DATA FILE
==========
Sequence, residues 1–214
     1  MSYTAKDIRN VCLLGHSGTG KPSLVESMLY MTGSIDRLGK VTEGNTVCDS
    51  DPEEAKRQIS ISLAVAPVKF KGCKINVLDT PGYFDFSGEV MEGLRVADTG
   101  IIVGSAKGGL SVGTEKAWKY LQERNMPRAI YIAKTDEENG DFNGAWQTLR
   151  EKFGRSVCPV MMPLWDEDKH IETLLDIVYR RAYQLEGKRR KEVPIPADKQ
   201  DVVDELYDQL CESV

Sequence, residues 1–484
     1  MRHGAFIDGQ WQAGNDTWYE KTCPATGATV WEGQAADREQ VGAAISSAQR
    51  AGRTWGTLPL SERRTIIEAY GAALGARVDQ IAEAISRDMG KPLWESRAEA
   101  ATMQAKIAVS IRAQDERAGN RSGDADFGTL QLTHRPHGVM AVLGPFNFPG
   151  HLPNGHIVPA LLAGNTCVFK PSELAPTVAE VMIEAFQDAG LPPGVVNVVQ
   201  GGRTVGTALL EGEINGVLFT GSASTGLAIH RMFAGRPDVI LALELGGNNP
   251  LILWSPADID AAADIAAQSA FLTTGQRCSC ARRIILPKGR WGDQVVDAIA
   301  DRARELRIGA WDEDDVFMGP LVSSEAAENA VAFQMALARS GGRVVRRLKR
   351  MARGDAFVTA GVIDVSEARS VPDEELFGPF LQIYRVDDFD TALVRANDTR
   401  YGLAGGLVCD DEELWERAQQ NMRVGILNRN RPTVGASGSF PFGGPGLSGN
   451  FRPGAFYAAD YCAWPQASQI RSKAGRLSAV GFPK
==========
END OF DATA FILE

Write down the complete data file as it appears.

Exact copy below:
Sequence, residues 1–214
     1  MSYTAKDIRN VCLLGHSGTG KPSLVESMLY MTGSIDRLGK VTEGNTVCDS
    51  DPEEAKRQIS ISLAVAPVKF KGCKINVLDT PGYFDFSGEV MEGLRVADTG
   101  IIVGSAKGGL SVGTEKAWKY LQERNMPRAI YIAKTDEENG DFNGAWQTLR
   151  EKFGRSVCPV MMPLWDEDKH IETLLDIVYR RAYQLEGKRR KEVPIPADKQ
   201  DVVDELYDQL CESV

Sequence, residues 1–484
     1  MRHGAFIDGQ WQAGNDTWYE KTCPATGATV WEGQAADREQ VGAAISSAQR
    51  AGRTWGTLPL SERRTIIEAY GAALGARVDQ IAEAISRDMG KPLWESRAEA
   101  ATMQAKIAVS IRAQDERAGN RSGDADFGTL QLTHRPHGVM AVLGPFNFPG
   151  HLPNGHIVPA LLAGNTCVFK PSELAPTVAE VMIEAFQDAG LPPGVVNVVQ
   201  GGRTVGTALL EGEINGVLFT GSASTGLAIH RMFAGRPDVI LALELGGNNP
   251  LILWSPADID AAADIAAQSA FLTTGQRCSC ARRIILPKGR WGDQVVDAIA
   301  DRARELRIGA WDEDDVFMGP LVSSEAAENA VAFQMALARS GGRVVRRLKR
   351  MARGDAFVTA GVIDVSEARS VPDEELFGPF LQIYRVDDFD TALVRANDTR
   401  YGLAGGLVCD DEELWERAQQ NMRVGILNRN RPTVGASGSF PFGGPGLSGN
   451  FRPGAFYAAD YCAWPQASQI RSKAGRLSAV GFPK